Gap junction expression and cell proliferation in differentiating cultures of Cx43 KO mouse hepatocytes

Takashi Kojima, Alfredo Fort, Mingyuan Tao, Masao Yamamoto, David C. Spray

Research output: Contribution to journalArticlepeer-review

27 Scopus citations


Primary cultures of adult mouse hepatocytes are shown here to reexpress differentiated hepatocyte features following treatment with 2% DMSO and 10-7 M glucagon. To examine the roles of gap junctional communication during hepatocyte growth and differentiation, we have compared treated and untreated hepatocytes from connexin (Cx)32-deficient [Cx32 knockout (KO)] and wild-type mice. In untreated cultures, DNA replication of Cx32 KO hepatocytes was markedly higher than of wild types. Although Cx26 mRNA levels remained high at all time points in wild-type and Cx32 KO hepatocytes, Cx32 mRNA and protein in wild-type hepatocytes underwent a marked decline, which recovered in 10-day treated cultures. Increased levels of Cx26 protein and junctional conductance were observed in Cx32 KO hepatocytes at 96 h in culture, a time when cell growth rate was high. Treatment with DMSO/glucagon highly reinduced Cx26 expression in Cx32 KO hepatocytes, and such treatment reinduced expression of both Cx32 and Cx26 expression in wild types. Dye transfer was not observed following Lucifer yellow injection into DMSO/glucagon-treated Cx32 KO hepatocytes, whereas the spread was extensive in wild types. Nevertheless, high junctional conductance values were observed in treated cells from both genotypes. These studies provide a method by which the differentiated phenotype can be obtained in cultured mouse hepatocytes and provide in vitro evidence that expression of gap junctions formed of Cx32 are involved in the regulation of growth of mouse hepatocytes.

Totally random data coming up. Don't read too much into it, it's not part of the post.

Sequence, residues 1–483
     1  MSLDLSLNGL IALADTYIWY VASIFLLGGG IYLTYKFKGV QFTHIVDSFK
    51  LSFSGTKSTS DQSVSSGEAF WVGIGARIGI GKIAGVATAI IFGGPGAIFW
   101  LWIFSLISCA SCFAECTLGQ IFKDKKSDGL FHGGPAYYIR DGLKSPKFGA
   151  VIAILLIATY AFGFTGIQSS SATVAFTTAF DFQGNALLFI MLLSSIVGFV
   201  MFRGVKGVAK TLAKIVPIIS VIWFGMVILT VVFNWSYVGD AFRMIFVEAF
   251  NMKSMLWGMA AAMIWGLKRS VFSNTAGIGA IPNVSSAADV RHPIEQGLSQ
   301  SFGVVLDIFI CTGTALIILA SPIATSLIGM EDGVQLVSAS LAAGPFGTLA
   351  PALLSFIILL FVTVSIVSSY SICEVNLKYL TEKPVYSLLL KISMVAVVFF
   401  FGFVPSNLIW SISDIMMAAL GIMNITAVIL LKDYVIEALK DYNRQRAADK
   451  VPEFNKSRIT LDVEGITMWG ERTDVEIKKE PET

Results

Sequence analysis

Original languageEnglish (US)
Pages (from-to)G1004-G1013
JournalAmerican Journal of Physiology - Gastrointestinal and Liver Physiology
Issue number4 44-4
StatePublished - 2001


  • Connexin26
  • Connexin32
  • Knockout mice

ASJC Scopus subject areas

  • Physiology
  • Hepatology
  • Gastroenterology
  • Physiology (medical)


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